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Date of last update: 10/16/2017.

Forum Name: Fertility

Question: Pregnacy after miscarriage

 missdbc - Wed Nov 09, 2005 11:15 am

Hi - I had a miscarriage on Oct. 16th, after only knowing I was pregnant for a few days. My last period was on Sept. 12th. It was a clean miscarriage with cramping and bleeding for only that day, and very little afterward. After the miscarriage, I began to have unprotected sex on Oct. 31st. My breasts have been very sore for the past few days, which was the first symptom of my last pregnancy. Since I do not know when to expect my period (I was told 4 to 6 weeks), when or even should I test? Thank you!
 kewlgirlno1 - Wed Nov 09, 2005 3:39 pm

hi...sorry to hear of ur m/c .. if i were u i would wait another week or so b4 u test,, that would make it 4wks since it happened,, it is very possible u conceived straight away as i have heard it can happen,, loads of luck,,


 precious1976 - Mon Apr 13, 2009 12:26 pm

Hello i had a miscarriage in dec 08 and i was devastated apparently its because i have antibodies in my blood which attacked my baby i am o rhs positive and ive been told that i can concieve again as there are things that they can do,but im just wanting to know what can be done to prevent this happening again? i have 4 children from previous but this was my partners first child and would really like to know what can be done and how? any help or advice would be most appreciated thankyou x
 Debbie Miller, RN - Fri Apr 24, 2009 2:53 pm

User avatar Hello,
The RH factor only is a problem when the mother is Rh Negative; not positive. I am not sure what to advise since it appears we need more information. Is it another condition besides Rh disease?

If you are actually negative and you had a child with positive blood without receiving rhogam within 72 hours of the delivery or loss, your blood antibodies could attack a future pregnancy with a positive baby. In this case the pregnancy is considered high risk but with close monitoring, interventions such as blood transfusions can often resolve the problem, resulting in a healthy delivery, though sometimes they must be delivered early and of course this comes with additional risks.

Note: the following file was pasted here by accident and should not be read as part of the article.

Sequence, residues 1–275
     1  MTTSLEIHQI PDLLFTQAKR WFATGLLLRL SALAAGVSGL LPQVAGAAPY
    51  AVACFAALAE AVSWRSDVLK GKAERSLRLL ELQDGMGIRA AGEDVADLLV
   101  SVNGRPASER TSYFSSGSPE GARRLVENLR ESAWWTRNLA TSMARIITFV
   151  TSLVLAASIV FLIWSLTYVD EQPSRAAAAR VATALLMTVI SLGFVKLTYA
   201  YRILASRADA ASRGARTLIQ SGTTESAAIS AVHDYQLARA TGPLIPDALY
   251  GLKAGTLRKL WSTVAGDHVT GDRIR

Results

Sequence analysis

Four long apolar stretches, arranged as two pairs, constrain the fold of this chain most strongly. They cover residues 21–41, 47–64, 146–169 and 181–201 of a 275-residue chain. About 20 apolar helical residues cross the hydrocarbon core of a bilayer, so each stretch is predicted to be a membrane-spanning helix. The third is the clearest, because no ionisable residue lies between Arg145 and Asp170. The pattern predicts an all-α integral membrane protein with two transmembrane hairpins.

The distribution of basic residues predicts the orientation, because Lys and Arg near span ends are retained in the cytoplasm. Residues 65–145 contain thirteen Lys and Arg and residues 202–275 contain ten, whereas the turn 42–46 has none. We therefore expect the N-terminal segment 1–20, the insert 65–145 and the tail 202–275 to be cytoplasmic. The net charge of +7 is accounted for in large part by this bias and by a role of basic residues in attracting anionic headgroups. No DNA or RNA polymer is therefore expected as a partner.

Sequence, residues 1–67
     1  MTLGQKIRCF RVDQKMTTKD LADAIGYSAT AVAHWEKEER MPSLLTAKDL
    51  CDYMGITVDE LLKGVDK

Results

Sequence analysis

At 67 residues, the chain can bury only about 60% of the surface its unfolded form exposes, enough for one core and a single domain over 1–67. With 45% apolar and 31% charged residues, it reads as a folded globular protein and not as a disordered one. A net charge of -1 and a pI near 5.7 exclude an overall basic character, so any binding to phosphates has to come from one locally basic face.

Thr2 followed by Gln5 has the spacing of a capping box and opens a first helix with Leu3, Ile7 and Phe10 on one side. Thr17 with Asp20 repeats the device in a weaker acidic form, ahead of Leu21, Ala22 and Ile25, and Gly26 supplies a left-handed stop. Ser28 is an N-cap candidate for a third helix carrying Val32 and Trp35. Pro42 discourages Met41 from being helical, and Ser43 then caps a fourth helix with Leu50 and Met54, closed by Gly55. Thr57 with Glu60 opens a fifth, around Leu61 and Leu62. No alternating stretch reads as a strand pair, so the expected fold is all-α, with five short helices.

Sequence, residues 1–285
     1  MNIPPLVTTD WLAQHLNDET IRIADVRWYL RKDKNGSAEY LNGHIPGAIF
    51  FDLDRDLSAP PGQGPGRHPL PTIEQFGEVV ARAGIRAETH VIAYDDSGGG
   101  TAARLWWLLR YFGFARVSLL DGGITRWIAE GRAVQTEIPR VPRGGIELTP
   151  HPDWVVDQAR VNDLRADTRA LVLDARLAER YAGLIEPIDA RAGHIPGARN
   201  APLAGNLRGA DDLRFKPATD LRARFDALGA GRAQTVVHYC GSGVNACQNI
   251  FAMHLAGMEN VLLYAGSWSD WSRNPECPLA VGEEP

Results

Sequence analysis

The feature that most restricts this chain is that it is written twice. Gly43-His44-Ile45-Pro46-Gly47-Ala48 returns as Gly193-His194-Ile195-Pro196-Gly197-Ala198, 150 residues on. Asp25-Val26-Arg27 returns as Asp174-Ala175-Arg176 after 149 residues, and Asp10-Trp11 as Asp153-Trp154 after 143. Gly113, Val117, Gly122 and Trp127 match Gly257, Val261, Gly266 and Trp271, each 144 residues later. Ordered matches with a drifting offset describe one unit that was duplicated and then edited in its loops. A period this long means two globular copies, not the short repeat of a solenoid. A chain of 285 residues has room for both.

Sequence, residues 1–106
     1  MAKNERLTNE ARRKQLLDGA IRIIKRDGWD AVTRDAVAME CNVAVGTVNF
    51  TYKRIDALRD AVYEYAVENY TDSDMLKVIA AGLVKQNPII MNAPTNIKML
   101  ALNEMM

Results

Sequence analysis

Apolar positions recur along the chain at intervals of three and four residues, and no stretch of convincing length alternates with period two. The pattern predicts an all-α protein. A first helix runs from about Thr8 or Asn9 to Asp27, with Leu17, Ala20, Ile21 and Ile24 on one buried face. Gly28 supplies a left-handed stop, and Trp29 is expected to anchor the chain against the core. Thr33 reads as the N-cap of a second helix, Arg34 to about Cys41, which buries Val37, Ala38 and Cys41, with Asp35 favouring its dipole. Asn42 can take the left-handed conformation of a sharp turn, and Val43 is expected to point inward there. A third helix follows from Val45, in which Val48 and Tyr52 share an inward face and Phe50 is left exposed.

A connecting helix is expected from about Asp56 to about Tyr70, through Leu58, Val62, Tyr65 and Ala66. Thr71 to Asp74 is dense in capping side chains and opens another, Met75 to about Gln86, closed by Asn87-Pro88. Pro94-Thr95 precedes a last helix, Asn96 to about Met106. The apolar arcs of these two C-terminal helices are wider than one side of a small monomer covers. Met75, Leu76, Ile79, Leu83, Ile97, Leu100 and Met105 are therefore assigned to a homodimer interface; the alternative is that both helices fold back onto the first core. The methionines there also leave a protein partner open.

Testing should be fairly accurate about 2 weeks after conception or around the time one would expect the period to be starting. Follow the directions on the package for accurate results. If negative, this could be a false reading so the test is repeated if your periods has not begun yet by then.

If you have more information we may be able to help you some more.

Best wishes.
 candygirl_84 - Wed May 06, 2009 3:42 pm

i didnt have a miscarriage but i was pregnant due to a rape and i had an abortion. they too had told me that i had a rare blood type and if i was to later conceive after that i had to becareful. in the state i was in i cant really recall exacally what they said that day will always remain a blur to me but all i remember her saying was that with my blood type can make antibodies and its dangerous but why?
 Debbie Miller, RN - Sat Oct 24, 2009 12:20 pm

User avatar Hello,
You should probably consult with a doctor for more information because there are many blood conditions. However, the most common one relating to pregnancy is the Rh factor. If you have negative blood, your body can make antibodies to positive blood. So, if you were to conceive a child with positive blood type and some minute blood was exchanged at delivery, you could make antibodies that could attack future positive babies. However, if this was the case, you should have been given RhoGam to counteract this problem and prevent the antibodies from being a problem in the future. It is possible they did this and were advising you to be certain that any future pregnancies are also followed up with RhoGam (miscarriage, abortion, or delivery) within 72 hours of the event.

They may have wanted to emphasize to you that not getting this could put future babies at risk. Your doctor can determine your blood type if you don't know it and help you understand your health concerns. If it is not Rh factor, the doctor can also either review the previous records (if you give permission for them to be sent) or do an exam with lab work to find out.

It is always a good idea to have regular gynecological exams. I would recommend this.

Best wishes.
 pamezamo - Tue Jun 15, 2010 3:33 pm

I have no idea how to use this site I have a question.. My husband and I started trying to have a baby on the thrid try we got pregnant. We found out 5 days before I was due to start but 3 weeks later I miscarried. It was a natural miscarriage and my body did the work so no D&C was needed. My question is how long to we have to wait before trying again? My doctor says 3 months but I think that seems like a long wait especially since i had no complications and it was more or less a very heavy period with cramping. Time is not on my side as I am 38 years old. I want to hurry and try again but my husband is worried if we do it wil happen again. This is his first baby where as I have already had 7 children. Please can someone tell me why I should wait or if we even have to at all?
 Debbie Miller, RN - Wed Jun 16, 2010 4:34 pm

User avatar Hello,
Unless you have other risk factors, enemia, etc. that your doctor may be aware of there is no reason to wait to try to conceive. They used to advise you to wait at least one cycle for dating purposes (convenience for the doctor to know how far along you are), but these days with ultrasound technology that is really not necessary and there is no reason you need to wait, especially with an early miscarriage.

Best wishes,

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